New scenarios and analysis by the world’s central banks show an early and orderly transition to net-zero emissions will significantly lessen the economic hit from climate change

25 June 2020

In response to the release of climate change scenarios and an inquiry into the potential macroeconomic impacts of climate change by global central banks, working through the Network for Greening the Financial System, Chief Executive Officer of the Investor Group on Climate Change, Emma Herd, said: 

“These scenarios prepared by the world’s central banks, including the Reserve Bank of Australia, clearly demonstrate climate change is a systemic economic threat that will significantly undercut our prosperity and job security.

“Financial regulators are now responding to this economic risk, as are institutional investors who are increasingly wary of carbon-intensive assets and looking for opportunities that will accelerate the net-zero emissions transition

“A transition is inevitable. Early action reduces the cost of the transition to net-zero emissions by 2050 substantially and helps avoid severe and irreversible impacts from climate change itself.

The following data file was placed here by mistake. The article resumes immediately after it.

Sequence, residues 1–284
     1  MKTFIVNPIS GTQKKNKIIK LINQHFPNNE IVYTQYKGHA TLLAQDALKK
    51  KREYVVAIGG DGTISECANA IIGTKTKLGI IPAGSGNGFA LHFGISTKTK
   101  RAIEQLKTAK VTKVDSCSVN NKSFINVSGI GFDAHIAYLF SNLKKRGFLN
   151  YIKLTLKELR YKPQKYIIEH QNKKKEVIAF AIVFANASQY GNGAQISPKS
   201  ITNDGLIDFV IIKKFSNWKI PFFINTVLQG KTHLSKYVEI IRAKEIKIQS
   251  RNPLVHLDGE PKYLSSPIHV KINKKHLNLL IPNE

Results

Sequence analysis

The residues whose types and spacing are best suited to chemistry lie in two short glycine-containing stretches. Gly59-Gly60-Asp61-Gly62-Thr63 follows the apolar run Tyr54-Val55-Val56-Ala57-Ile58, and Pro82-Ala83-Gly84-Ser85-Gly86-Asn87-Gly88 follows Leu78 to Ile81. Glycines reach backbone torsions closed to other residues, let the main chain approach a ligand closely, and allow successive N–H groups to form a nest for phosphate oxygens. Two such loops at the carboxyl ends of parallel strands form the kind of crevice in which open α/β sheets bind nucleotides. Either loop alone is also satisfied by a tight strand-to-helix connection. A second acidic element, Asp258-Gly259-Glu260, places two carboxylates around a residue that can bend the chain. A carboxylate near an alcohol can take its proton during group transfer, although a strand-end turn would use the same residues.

“In Australia, this will require a stable long-term policy framework and a commitment to net-zero emissions by 2050. The alternative is sitting on our hands which will continue to expose Australia to decarbonisation efforts across the world while not gaining access to new opportunities that will stem from modernising the economy.

“These scenarios will underpin efforts by the Reserve Bank of Australia and financial supervisors to provide a consistent basis for companies to disclose their climate risk exposure. Companies should no longer be able to cherry pick climate scenarios that suit their preferred business strategy and instead make clear climate risk assessments that allow investors to determine their true value.

“Governments should also apply these climate scenarios to their own policy decisions, including COVID-19 economic recovery efforts, to ensure taxpayer expenditure is not put at risk by locking in support for carbon-intensive activities.”

Read the full Media Release